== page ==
Snapshots from Green Victoria (tedwords) wrote,
Snapshots from Green Victoria
tedwords

Question for You

In the near future, the Supreme Court will be considering whether the words "under God" in the Pledge of Allegiance are unconstitutional.

In case you weren't weren't aware (I wasn't, although it makes sense), these two words were not originally in the Pledge, which was crafted in 1892 by Francis Bellamy, a former Baptist minister who wrote the Pledge after the Civil War. According to my source, the intent behind the Pledge was that "it was necessary to have a civic and secular patriotism, based upon the simple idea of liberty and justice for all."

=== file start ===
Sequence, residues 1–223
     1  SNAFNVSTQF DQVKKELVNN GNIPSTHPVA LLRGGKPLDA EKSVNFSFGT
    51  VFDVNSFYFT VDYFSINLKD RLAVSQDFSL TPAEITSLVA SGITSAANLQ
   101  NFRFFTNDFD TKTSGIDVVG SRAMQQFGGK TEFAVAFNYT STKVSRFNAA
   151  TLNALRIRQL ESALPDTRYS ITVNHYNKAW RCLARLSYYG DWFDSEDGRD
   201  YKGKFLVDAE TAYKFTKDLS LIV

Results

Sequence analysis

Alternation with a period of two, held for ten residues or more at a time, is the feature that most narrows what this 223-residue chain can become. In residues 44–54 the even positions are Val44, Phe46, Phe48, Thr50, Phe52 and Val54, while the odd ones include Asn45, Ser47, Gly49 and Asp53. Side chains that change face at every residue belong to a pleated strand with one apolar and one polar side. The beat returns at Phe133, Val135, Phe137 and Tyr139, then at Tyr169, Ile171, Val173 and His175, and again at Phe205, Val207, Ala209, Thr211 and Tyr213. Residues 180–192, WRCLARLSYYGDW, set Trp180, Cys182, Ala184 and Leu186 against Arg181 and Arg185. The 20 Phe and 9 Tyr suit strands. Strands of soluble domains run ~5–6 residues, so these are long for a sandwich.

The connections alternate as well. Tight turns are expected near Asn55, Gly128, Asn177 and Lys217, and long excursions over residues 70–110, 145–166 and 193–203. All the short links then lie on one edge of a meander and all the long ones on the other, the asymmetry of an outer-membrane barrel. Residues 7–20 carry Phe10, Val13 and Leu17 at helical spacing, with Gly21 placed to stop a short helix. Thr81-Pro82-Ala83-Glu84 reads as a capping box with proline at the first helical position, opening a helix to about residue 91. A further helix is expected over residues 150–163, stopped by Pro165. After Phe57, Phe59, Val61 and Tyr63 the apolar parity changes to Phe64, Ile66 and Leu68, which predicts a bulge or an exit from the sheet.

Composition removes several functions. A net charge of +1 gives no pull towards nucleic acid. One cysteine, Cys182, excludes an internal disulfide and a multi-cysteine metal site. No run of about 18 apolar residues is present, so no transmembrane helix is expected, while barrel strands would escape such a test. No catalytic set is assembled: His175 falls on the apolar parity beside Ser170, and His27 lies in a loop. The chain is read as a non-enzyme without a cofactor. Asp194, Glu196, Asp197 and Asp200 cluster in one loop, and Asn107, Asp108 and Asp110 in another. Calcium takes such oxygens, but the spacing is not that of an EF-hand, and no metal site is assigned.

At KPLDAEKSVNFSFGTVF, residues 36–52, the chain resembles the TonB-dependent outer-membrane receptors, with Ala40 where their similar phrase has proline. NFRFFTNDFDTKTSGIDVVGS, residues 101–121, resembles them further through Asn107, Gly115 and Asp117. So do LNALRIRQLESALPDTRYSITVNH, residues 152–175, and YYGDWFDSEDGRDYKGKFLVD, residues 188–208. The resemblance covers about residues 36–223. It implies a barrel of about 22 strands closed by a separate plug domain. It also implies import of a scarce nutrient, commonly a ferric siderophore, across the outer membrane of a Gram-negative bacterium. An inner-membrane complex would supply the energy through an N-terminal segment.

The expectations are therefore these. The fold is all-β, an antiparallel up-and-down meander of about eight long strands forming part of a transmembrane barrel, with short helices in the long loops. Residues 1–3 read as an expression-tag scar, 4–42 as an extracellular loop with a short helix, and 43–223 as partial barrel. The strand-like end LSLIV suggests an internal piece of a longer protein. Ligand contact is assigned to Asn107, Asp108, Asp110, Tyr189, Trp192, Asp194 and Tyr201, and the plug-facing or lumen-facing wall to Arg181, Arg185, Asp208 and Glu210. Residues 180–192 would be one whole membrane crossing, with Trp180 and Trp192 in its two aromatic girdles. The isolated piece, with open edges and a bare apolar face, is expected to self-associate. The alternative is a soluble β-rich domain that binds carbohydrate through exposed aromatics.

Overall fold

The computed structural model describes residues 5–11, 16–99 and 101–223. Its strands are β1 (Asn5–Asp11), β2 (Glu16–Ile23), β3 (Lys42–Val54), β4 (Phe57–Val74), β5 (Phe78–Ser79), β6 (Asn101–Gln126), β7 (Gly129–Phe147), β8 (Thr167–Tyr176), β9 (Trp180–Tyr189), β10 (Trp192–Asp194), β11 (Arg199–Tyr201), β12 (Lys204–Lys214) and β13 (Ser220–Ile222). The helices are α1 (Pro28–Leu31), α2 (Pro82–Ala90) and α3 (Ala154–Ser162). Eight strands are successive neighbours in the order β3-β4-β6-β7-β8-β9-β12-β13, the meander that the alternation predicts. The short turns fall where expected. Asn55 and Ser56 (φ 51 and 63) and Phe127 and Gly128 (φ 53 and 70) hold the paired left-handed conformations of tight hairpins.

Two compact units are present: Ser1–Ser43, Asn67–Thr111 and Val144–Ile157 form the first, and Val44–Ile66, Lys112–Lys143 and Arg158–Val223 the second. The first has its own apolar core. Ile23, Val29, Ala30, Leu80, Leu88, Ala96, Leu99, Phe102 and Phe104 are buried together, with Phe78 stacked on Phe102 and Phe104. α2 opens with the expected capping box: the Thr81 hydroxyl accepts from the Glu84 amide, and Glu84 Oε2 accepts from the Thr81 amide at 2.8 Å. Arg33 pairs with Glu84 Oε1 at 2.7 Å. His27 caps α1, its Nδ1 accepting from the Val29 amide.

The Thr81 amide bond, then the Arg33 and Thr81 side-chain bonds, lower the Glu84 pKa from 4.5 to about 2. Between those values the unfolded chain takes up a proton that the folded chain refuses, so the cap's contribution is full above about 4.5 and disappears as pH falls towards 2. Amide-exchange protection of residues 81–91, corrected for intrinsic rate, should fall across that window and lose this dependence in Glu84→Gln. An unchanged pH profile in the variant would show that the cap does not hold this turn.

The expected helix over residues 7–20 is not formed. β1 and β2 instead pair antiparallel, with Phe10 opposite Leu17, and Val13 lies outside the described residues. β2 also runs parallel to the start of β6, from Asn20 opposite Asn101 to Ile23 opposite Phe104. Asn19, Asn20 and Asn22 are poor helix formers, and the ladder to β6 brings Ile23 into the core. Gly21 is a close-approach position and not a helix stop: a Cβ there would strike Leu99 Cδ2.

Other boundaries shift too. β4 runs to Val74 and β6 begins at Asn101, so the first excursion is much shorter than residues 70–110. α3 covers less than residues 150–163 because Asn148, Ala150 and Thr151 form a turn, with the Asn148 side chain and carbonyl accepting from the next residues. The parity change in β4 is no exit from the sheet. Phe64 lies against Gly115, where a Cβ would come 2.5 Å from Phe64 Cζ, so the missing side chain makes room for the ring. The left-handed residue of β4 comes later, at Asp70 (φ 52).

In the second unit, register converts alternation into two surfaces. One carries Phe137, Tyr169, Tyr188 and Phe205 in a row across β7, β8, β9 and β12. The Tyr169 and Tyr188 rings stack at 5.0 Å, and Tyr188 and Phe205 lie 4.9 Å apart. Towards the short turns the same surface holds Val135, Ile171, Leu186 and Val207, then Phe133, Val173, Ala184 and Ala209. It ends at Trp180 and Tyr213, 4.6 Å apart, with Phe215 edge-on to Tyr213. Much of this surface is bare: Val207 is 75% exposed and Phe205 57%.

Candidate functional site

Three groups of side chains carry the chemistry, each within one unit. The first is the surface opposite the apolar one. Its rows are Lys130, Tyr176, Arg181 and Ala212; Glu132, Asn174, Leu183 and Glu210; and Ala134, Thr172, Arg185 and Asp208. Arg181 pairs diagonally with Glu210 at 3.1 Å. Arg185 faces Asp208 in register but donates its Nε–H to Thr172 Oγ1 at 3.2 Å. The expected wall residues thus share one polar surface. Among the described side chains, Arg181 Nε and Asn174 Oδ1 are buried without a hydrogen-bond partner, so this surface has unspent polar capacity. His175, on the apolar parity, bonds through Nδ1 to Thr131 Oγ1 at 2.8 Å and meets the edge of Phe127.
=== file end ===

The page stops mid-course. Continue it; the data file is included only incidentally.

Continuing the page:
The words "under God" were added in 1954 by President Eisenhower, who had been persuaded by a preacher that the Pledge, in its original form, was so generic that any country--even (gasp) citizens in Moscow--could recite it. Change was necessary! And, as a result, Ike got his red pen out and made a quick editorial insertion. According to Eisenhower, "our country makes no sense unless it is founded on a deeply-held religious belief--and I don't care what it is."

So, what do you think? Are the words "under God" important to the Pledge? Do they go against the ideals upon which this country was founded--the notion of separation of church and state? Is it another brick in the wall in the progressive decline of the American empire? Or, is this all much ado about nothing?
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